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By Diane L. Marolla, LICSW
At times, I feel overwhelmed and my depression leads me into darkness. —Dorothy Hamill
The suicides of two celebrities in the same week in June—Anthony Bourdain, an accomplished chef, author and TV personality, and Kate Spade, a successful fashion designer—were shocking to all of us. How could two individuals who were so successful and seemed to have it all take their own lives? Both Anthony Bourdain and Kate Spade suffered from depression. In addition, Bourdain had a history of substance abuse and Spade also suffered from anxiety.
Depression is an illness that does not discriminate. It can affect anybody. It can be genetic, it is biochemical, and life situations can trigger and exacerbate depression. Medical conditions can also be a trigger for depression. Depression is classified as a “mood disorder” that affects an individual both mentally and physically. According to the Anxiety and Depression Association of America, Major Depressive Disorder (MDD) “is the leading cause of disability in the United States for ages 15 to 44. MDD affects more than 16.1 million American adults 18 and older in a given year.” Worldwide, depression is “the leading cause of disability.” Suicide in the United States is on the rise. According to Centers for Disease Control and Prevention (CDC), suicide in this country has been increasing by 30% in 25 states since 1999 and is now the 10th leading cause of death in the United States … middle aged adults are especially at risk.”
I was first exposed to depression through a family member before I was a clinical social worker. The family member was “acting differently”— losing weight, not eating, having difficulty sleeping, couldn’t work and was pervasively sad. I had absolutely no idea what was going on, so it shocked me when I received a phone call from another family member, saying that he was attempting suicide. After he was taken to the hospital, I was told that his insurance company refused to authorize an inpatient stay at Butler Hospital. The insurance company ultimately was forced to authorize it after I called their medical director and berated him. I rarely share this story.
How do I know if I am depressed or if someone I care about is depressed? There are different types of depression. Additionally, depression is different in how it impacts men versus women. Ultimately, depression is a pervasive change in mood that affects someone’s normal day-to-day functions. Symptoms of depression include but are not limited to:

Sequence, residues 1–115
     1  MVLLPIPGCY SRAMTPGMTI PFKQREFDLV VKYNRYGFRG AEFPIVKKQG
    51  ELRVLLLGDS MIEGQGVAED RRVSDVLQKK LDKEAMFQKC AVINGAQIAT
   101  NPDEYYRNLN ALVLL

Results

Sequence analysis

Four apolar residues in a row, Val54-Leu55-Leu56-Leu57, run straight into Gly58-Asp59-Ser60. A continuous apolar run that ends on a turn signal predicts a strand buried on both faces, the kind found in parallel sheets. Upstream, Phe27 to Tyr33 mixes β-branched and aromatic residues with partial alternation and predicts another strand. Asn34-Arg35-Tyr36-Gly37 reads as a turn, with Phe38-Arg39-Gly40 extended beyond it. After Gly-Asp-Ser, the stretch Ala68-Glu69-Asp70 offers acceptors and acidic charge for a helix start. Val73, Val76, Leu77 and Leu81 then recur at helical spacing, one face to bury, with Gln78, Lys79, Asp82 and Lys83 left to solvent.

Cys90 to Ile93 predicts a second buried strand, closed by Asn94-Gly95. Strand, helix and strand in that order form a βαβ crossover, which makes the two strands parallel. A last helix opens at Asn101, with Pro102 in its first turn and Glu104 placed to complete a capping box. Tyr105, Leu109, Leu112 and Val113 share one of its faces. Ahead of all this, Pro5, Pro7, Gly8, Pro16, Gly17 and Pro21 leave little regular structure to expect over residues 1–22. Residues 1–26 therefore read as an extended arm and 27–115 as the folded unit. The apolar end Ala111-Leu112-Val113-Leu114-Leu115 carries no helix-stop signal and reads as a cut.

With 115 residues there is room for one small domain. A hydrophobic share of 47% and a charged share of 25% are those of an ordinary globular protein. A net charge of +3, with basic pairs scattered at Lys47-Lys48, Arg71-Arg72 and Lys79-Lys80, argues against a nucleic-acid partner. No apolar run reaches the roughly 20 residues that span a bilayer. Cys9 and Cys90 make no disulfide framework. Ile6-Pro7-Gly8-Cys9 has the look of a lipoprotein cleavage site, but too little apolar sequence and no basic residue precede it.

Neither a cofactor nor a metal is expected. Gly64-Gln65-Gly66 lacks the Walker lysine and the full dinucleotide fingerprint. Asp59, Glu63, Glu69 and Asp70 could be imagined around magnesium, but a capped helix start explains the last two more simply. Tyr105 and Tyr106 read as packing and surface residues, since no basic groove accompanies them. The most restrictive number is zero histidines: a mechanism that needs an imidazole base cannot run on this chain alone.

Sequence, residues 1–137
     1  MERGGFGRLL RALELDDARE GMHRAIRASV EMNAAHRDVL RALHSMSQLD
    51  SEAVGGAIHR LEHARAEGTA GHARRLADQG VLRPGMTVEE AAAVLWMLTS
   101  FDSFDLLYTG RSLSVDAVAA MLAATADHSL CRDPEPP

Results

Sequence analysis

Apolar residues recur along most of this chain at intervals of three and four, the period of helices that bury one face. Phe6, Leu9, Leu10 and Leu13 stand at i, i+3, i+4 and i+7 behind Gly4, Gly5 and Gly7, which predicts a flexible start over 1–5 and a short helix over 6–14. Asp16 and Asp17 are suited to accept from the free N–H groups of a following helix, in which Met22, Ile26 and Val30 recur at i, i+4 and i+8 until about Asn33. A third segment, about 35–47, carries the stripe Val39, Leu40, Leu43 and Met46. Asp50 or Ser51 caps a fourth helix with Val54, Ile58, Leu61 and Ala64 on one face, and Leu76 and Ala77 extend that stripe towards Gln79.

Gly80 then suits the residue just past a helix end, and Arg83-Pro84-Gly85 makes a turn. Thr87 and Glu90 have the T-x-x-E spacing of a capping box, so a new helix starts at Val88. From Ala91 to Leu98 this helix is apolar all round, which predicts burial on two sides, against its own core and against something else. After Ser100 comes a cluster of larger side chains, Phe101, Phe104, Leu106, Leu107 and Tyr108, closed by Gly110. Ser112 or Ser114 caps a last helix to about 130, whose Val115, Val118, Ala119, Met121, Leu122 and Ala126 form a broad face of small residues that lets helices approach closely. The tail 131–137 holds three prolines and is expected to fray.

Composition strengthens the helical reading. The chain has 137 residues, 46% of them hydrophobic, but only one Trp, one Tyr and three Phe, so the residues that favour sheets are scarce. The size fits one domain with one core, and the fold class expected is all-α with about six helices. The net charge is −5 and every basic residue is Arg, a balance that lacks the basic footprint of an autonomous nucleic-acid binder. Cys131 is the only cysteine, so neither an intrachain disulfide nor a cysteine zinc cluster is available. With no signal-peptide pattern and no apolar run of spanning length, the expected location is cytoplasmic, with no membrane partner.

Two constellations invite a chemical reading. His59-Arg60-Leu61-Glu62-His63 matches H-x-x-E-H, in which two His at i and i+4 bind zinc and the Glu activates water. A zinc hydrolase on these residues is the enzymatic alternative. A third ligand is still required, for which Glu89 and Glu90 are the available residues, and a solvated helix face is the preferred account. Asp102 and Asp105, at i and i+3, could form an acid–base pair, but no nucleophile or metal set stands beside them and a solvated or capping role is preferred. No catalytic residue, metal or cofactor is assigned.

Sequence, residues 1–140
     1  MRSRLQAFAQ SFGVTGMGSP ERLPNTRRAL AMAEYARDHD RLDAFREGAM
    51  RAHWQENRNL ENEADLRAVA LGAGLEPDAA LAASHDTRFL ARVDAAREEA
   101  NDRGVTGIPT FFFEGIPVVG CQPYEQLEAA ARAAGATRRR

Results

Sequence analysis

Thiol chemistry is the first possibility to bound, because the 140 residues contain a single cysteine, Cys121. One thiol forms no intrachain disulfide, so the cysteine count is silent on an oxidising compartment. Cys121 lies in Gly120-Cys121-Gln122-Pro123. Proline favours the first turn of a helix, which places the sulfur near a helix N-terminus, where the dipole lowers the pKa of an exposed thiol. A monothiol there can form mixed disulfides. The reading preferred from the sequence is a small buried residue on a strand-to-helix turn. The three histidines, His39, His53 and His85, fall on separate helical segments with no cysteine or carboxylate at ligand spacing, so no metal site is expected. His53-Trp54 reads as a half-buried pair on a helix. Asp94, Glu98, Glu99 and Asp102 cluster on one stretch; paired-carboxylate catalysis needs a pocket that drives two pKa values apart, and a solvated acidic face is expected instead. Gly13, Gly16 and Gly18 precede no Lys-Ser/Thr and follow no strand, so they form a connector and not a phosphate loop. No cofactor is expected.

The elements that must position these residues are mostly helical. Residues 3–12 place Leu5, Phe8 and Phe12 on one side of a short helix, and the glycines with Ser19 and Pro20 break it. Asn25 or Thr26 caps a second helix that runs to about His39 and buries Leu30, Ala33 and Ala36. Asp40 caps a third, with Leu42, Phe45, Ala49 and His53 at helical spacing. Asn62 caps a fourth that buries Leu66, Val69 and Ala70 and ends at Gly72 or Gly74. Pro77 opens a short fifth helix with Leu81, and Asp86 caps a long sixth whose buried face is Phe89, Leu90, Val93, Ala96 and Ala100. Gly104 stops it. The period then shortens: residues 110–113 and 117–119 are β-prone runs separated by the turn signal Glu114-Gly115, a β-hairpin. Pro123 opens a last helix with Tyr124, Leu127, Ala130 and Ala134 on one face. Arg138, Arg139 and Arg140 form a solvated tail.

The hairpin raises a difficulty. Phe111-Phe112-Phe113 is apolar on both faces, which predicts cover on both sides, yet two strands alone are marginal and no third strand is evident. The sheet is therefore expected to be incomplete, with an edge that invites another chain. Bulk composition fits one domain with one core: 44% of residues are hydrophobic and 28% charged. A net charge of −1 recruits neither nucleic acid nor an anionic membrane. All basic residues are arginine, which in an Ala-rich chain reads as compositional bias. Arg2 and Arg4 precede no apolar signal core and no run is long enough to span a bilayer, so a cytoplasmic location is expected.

a decrease or increase in appetite
a decrease or increase in sleep
loss of interest
thoughts of death
suicidal thoughts or attempts of suicide
body aches and pains that don’t have a physical source
What should I do if I feel I am depressed or that someone I care about is? The first thing to do is make an appointment with a trained professional. This can be your primary care physician (PCP) or someone specially trained in mental health disorders (a psychiatrist, a psychologist, a licensed social worker or counselor). A trained professional will assess you for depression by asking you a series of questions. You must be honest in answering these questions as that is what gives them an accurate picture of your condition and how to treat it. A doctor may prescribe medication and advise you to see a therapist. If you see a psychologist or a licensed social worker or counselor first, they may advise you to take medication, however, a doctor must prescribe it. A therapist can offer ongoing talk therapy. If you are in therapy, be honest about what you are feeling. Your therapist is there to help you, not to judge you.
If someone you care about is depressed, be as supportive and understanding as you can be. Support them in seeing a doctor and/or therapist. The best resource for obtaining that information is through your health insurance company. They can steer you to mental health professionals who are in their network also tell you their specialties. You also want to verify what your coverage is for treating mental health disorders.
To help and support, offer to take your loved one to their appointments. Check in on them and attempt to keep them active even if they consistently refuse. Individuals who are depressed typically isolate themselves and may not even want to see you or talk to you. However, do not take on the role of therapist or give advice. There is a big difference between encouraging and supporting someone versus trying to take the place of a trained professional. If the person is threatening to harm themselves, get them immediate help.
For additional resources on depression and suicide, please visit: nami.org/Learn-More/Mental-Health-Conditions/Depression, nimh.nih.gov/health/topics/depression/index.shtml
or call The National Suicide Prevention Lifeline
Free and confidential for those who need to talk with someone, and they also have resources available.